We also balance what we do with some non-show trips.

As far as sleep goes...I have never slept more than 6-7 hours during my laziest moments.

Comment by ROZ WEINBERGER on December 14, 2015 at 10:07pm

I have for the last 6 or 7 years been in that position and usually end up sick. I have worked out a plan for 2016 so I don't end up the same way at the end of next year. I'll let you know.

Comment by Christina L. Towell on December 16, 2015 at 9:39am

You pose an interesting question, Barbara...I don't do shows on a regular basis, in fact, I just had my very first one last month but I do have several shops and marketplace venues that carry my work and this is my busiest season as I make wool felt hats and handbags.  So, for me, it's kind of a supply and demand situation right now, in fact, I just received an email from a retailer who needs more hats of a certain color so I'll have to see what I have available or else get busy knitting!  So far, though, I've been able to keep my head above water and enjoy the season and try to maintain a balance as this is clearly important to one's sanity and overall good health.  Best to you and Happy Holidays!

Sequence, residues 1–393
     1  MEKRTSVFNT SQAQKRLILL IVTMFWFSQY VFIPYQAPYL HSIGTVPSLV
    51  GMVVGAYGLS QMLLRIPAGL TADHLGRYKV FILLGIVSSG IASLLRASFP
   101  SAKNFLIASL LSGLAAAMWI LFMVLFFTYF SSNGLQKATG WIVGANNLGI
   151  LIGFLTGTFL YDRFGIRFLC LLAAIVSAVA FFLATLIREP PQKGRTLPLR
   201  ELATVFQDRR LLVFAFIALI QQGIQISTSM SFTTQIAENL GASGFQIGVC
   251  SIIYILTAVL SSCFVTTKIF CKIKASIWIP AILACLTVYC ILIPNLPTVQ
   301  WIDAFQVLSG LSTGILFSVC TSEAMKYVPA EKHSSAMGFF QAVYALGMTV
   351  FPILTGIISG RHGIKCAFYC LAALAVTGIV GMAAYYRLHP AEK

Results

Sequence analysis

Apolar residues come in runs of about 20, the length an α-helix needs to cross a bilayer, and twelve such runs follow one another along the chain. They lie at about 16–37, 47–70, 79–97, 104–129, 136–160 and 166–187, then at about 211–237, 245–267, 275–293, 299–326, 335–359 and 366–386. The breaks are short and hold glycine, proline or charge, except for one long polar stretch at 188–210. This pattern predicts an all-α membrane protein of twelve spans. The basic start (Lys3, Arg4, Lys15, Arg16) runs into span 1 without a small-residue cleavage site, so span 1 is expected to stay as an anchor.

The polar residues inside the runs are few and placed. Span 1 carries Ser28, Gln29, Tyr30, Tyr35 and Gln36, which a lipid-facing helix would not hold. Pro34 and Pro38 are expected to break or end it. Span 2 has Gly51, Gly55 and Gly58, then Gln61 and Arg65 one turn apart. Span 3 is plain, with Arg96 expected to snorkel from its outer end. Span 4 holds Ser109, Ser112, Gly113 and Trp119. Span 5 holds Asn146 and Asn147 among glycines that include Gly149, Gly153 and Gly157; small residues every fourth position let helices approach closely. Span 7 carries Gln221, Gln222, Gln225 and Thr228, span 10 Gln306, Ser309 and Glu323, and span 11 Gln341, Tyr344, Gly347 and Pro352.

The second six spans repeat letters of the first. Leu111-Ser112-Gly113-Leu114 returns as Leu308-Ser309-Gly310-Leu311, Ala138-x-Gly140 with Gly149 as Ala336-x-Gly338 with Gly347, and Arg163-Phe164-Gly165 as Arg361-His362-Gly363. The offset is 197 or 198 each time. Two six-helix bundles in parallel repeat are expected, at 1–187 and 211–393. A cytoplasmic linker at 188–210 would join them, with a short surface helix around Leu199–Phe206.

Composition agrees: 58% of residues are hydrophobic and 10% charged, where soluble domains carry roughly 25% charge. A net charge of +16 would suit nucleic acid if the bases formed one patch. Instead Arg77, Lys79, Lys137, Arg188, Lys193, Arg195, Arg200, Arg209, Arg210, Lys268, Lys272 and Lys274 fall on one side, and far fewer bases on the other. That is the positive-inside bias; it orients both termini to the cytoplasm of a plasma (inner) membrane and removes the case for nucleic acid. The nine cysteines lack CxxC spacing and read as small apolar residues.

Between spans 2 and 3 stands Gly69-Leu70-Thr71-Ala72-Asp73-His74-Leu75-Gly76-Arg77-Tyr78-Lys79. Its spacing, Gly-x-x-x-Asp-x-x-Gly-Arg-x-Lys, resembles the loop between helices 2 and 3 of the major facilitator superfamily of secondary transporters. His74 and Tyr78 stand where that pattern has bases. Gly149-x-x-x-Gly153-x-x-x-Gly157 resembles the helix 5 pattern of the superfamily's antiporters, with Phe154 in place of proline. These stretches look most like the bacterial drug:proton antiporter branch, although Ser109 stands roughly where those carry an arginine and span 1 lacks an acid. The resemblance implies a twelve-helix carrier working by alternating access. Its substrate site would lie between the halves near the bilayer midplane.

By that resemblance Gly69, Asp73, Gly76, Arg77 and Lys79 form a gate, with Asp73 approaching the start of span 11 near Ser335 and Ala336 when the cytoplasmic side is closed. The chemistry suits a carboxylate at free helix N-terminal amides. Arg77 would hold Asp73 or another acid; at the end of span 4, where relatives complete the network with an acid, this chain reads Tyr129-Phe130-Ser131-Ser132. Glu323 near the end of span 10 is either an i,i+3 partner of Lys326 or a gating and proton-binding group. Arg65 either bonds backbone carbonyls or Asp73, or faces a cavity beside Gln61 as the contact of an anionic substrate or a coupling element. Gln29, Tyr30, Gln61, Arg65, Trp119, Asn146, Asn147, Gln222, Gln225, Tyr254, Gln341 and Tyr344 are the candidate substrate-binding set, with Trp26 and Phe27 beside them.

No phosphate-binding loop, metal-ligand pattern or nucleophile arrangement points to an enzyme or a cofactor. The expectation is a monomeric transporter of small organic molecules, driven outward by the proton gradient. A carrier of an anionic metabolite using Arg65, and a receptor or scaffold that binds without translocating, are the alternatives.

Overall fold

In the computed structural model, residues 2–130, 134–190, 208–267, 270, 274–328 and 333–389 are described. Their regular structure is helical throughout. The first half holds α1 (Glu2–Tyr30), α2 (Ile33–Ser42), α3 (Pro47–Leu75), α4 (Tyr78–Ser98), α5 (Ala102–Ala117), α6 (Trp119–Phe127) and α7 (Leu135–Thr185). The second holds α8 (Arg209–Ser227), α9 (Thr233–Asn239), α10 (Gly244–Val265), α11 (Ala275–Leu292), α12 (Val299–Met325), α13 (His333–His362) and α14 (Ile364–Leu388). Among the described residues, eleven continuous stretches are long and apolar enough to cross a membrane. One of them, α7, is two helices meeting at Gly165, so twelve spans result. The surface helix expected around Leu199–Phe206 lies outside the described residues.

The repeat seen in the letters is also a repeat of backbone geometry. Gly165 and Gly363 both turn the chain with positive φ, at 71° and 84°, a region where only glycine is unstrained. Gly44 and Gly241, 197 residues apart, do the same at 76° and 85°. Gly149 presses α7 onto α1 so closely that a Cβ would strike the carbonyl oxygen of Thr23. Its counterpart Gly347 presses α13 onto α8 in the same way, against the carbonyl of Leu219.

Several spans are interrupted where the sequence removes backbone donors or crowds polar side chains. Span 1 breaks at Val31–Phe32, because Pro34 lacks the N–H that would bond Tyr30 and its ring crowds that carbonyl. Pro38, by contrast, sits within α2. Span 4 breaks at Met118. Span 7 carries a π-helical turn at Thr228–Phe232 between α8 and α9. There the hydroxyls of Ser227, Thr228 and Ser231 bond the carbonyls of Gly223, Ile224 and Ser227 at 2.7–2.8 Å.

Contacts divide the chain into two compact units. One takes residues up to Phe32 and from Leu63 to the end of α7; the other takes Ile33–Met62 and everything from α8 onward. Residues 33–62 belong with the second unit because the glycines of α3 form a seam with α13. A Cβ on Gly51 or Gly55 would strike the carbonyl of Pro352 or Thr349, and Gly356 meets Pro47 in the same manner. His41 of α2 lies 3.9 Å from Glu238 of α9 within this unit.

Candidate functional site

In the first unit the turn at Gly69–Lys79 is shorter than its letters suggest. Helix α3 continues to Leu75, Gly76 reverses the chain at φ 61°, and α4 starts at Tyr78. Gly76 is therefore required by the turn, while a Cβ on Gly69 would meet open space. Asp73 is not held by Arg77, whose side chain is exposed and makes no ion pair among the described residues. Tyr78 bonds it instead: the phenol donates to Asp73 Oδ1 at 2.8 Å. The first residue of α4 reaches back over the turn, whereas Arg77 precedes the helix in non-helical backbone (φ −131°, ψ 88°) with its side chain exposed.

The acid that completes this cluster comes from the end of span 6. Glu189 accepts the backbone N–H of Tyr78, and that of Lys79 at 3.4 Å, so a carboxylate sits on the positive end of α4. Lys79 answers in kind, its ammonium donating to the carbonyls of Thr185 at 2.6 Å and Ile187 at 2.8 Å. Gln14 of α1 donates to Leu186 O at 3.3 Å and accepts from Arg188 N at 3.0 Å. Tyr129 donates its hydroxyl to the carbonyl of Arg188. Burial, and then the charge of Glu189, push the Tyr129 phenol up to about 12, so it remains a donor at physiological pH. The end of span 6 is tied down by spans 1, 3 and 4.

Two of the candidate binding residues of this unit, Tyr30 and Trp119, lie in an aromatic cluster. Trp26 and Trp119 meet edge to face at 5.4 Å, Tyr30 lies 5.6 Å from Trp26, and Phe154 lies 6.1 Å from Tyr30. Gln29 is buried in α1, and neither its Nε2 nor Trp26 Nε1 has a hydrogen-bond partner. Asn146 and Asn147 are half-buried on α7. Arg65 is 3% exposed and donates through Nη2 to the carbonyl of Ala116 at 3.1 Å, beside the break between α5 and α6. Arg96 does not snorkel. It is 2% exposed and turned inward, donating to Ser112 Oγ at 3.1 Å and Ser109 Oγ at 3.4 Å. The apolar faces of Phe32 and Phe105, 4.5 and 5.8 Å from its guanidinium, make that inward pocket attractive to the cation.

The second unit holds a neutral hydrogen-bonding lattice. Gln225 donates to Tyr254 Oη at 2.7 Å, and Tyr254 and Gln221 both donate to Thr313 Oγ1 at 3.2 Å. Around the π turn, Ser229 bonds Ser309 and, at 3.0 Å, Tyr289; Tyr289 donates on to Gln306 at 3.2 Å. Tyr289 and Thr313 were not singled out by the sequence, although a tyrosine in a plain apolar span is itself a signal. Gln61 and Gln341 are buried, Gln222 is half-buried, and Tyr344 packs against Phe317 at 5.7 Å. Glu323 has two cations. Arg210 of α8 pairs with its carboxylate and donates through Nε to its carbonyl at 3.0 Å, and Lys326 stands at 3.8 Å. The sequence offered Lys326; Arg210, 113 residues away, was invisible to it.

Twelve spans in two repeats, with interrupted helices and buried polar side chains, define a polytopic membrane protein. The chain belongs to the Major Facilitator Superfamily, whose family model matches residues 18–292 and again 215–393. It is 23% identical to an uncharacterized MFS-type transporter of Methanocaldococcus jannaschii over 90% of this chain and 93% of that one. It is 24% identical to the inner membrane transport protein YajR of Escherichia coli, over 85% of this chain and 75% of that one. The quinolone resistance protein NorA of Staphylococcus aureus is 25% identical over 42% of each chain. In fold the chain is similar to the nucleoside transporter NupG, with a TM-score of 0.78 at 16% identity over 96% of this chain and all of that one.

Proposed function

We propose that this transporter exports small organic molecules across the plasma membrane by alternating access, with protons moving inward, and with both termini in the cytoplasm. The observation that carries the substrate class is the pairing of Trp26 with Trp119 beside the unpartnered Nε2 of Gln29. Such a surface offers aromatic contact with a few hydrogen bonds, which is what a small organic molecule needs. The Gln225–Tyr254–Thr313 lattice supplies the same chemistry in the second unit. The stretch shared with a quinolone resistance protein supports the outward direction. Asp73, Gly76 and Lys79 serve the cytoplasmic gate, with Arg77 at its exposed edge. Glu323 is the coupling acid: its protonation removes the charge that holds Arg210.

Comment by Richard L. Sherer on December 16, 2015 at 10:55am